Paarlberg monitors the presidential election in El Salvador
February 25, 2019
On February 3, 2019, voters in El Salvador elected 37-year old Nayib Bukele to be president. Michael Paarlberg, Ph.D., was on the ground to witness the historic election, and recounts his experience below. You can follow Dr. Paarlberg’s Twitter thread on the election as well.
Tell us a bit about your trip. How did you end up getting to go, and who did you go with? For what purpose? What were you doing on a day-to-day basis?
I went to El Salvador as part of an international elections monitoring mission organized by FUNDASPAD, the Foundation for Democracy and Social Development, an El Salvador-based NGO, and accredited by the Supreme Electoral Tribunal, El Salvador's national elections board. I had previously lived in El Salvador while I did my research for my dissertation, and my forthcoming book, on transnational elections and how parties and politicians in migrant-sending countries campaign for the support of diaspora communities. And in the last presidential elections, in 2014, I had done a similar elections monitoring mission with the Organization of American States. On this mission, prior to Election Day, our delegation met with representatives of political parties, NGOs, activists and other political actors and got a sense of the issues in the upcoming election. We also were trained as elections monitors by the host foundation.
On Election Day, we were sent out into teams to visit various voting centers, which are mostly at public schools. I went to San Marcos and Santo Tomás, both small municipalities close to the capital, San Salvador. We would arrive before the polls opened, to observe the setup of the voting tables, called Juntas Receptoras de Votos. We would then move between 3 voting centers and watch the process of voting, note any problems, and take down complaints from voters or representatives of the parties if they had any disputes about the process. Finally, we would observe the closing of the polls and tallying of the votes, and their transmission to the Supreme Electoral Tribunal. It was a very long day but exciting to see in person the process work, and see the number of people taking part in it as voters, table officers, party volunteers, and other observers - there were 5,000 of us total, counting both domestic and international monitors.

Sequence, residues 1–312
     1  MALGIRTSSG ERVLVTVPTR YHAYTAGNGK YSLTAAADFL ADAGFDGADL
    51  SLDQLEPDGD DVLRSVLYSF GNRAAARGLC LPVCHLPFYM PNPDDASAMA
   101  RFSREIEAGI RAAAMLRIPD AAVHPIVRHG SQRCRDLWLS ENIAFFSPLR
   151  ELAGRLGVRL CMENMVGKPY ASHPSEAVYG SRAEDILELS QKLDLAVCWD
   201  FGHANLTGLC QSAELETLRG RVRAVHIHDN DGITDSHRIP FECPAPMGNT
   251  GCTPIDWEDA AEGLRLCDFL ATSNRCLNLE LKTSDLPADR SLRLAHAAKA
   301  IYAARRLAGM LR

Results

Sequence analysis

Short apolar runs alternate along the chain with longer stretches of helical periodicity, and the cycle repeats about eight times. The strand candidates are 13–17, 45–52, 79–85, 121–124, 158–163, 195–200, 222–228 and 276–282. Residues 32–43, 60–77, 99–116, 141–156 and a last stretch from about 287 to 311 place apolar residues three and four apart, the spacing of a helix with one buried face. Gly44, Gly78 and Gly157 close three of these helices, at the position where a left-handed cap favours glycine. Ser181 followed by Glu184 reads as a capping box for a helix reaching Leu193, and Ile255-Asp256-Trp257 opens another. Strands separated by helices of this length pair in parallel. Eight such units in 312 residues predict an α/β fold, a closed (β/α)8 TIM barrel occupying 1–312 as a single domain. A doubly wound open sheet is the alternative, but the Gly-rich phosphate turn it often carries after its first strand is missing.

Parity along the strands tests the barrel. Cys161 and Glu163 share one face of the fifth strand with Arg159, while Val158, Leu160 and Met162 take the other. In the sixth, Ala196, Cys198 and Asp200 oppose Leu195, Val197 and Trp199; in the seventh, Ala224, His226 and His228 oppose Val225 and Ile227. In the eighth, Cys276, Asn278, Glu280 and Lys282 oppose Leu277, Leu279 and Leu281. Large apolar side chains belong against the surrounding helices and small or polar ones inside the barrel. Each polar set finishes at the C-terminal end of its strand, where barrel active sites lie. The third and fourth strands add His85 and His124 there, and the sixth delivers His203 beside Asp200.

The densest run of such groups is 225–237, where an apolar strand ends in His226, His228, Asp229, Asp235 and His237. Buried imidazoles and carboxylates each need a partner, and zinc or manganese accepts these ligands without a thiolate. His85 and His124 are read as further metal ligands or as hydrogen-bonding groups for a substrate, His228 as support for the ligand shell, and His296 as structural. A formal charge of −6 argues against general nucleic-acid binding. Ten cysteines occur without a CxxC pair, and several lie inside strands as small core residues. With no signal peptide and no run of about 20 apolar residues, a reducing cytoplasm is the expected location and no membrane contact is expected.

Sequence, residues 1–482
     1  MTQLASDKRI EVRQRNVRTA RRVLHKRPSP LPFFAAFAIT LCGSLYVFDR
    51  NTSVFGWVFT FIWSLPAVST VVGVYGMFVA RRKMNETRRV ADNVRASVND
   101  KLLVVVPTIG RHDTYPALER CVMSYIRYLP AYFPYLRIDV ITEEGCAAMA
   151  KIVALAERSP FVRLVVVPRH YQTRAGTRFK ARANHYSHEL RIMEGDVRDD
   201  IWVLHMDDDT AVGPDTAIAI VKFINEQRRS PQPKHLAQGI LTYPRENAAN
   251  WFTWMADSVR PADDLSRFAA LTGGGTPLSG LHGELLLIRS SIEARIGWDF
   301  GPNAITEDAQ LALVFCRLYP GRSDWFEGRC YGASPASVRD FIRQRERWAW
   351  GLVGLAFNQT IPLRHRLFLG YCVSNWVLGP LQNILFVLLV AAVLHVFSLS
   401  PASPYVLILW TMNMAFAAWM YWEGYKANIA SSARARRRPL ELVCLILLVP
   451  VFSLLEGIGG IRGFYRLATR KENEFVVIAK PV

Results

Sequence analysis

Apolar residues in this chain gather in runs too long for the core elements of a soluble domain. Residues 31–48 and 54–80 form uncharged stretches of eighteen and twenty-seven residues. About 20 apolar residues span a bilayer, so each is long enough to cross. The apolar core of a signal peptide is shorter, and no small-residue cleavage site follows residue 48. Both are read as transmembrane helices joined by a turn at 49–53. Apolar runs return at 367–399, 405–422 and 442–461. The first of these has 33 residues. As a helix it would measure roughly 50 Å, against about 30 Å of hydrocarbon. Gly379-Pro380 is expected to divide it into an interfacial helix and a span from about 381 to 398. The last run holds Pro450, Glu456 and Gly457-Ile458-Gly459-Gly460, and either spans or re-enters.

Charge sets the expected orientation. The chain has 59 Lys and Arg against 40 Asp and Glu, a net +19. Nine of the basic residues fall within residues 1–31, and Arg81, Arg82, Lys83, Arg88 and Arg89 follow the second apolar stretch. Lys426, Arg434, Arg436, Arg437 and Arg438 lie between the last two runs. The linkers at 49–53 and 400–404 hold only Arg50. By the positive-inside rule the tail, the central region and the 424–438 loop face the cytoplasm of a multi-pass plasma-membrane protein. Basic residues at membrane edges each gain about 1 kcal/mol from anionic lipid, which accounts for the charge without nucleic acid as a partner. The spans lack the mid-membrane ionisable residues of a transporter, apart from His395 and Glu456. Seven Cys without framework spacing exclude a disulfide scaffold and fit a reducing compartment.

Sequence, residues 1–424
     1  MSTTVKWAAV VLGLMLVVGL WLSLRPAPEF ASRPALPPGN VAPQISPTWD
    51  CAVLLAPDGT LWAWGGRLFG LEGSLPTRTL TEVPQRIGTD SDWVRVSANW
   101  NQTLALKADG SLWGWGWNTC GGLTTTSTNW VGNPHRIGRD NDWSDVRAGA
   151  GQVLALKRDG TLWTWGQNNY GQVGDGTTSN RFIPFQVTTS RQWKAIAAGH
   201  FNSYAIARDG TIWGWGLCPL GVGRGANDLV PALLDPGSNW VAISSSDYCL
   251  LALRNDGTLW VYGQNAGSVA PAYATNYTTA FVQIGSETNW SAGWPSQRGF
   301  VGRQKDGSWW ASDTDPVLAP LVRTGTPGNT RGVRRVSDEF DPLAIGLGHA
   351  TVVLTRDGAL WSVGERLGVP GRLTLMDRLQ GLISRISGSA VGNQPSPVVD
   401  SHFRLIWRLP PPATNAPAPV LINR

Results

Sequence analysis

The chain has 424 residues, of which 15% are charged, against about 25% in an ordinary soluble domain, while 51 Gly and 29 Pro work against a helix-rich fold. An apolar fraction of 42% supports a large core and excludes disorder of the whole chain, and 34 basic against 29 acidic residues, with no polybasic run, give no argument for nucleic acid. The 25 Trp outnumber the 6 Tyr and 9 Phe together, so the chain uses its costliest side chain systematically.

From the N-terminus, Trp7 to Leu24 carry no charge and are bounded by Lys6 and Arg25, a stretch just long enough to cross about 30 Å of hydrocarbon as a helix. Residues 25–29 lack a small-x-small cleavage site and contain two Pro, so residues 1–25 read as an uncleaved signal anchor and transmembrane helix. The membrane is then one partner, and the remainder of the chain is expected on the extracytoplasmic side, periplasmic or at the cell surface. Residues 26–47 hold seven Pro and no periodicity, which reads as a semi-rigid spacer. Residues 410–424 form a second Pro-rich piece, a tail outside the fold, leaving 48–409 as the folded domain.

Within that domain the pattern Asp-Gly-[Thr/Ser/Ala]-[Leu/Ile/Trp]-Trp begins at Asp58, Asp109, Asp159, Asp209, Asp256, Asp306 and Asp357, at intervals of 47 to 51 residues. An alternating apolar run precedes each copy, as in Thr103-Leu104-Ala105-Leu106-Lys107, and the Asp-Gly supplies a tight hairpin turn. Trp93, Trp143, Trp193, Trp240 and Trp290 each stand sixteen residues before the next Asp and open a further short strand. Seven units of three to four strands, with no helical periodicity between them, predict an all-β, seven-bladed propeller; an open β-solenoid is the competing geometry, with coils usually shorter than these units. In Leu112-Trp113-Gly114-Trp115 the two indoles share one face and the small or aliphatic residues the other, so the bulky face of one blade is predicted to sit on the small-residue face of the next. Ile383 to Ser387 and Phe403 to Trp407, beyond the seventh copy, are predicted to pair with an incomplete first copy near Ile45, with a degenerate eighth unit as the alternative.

What was the political climate like in El Salvador? How does its elections, institutions, citizens, etc. compare to our own?
El Salvador has a presidential system like the U.S., with presidents elected to five-year terms with no reelection. To win, one must get a majority, and if no one does in the first round, it goes to a runoff, as it did in 2014. This time, the winner, Nayib Bukele, won with an outright majority in the first round, which was remarkable being that it was a three-way race (four if you count minor diaspora candidate Josue Alvarado). El Salvador went through a bloody civil war from 1980-1992, and is generally upheld as a successful example of postwar transition to electoral politics. As such, El Salvador has been dominated by two large parties which evolved from combatant groups that fought in the war: ARENA on the right, and FMLN on the left. Bukele, a charismatic 37-year old businessman, was once with the left when he was mayor of the capital, San Salvador, but broke with them and was expelled by the party. He later ran with GANA, a smaller party on the right, and won in an unprecedented victory for a candidate coming from outside the two historic parties.
As a political scientist, were there any surprises regarding the election? What are the takeaways from the election?
Bukele's victory in the first round was remarkable although not surprising - the polls consistently showed him well ahead of his rivals Hugo Martinez of the FMLN and Carlos Calleja of ARENA. For all the talk in the U.S. about gangs and migrant caravans, those issues were far less salient than corruption. The three past presidents have faced corruption allegations, including one who stole $15 million in money sent by Taiwan to earthquake victims; the president who brought charges against him has since fled to Nicaragua to escape arrest of embezzlement charges against him. Along with a growing alienation of younger voters who do not remember the civil war, corruption has turned many off from the two main parties, and provided an opening for third party candidates to win on an anti-system campaign without having a very clear platform of his own.
Paarlberg will incorporate his experience and the outcome of the El Salvador election into his upcoming book. He notes that because Bukele won with significant support from the Salvadoran diaspora, and in the top migrant-sending regions, there is a transnational angle to this election that builds on his existing research agenda in a complementary fashion, including a recently published article on the politics of the Salvadoran diaspora in the Journal of Ethnic and Migration Studies (Volume 45, Issue 4, 2019).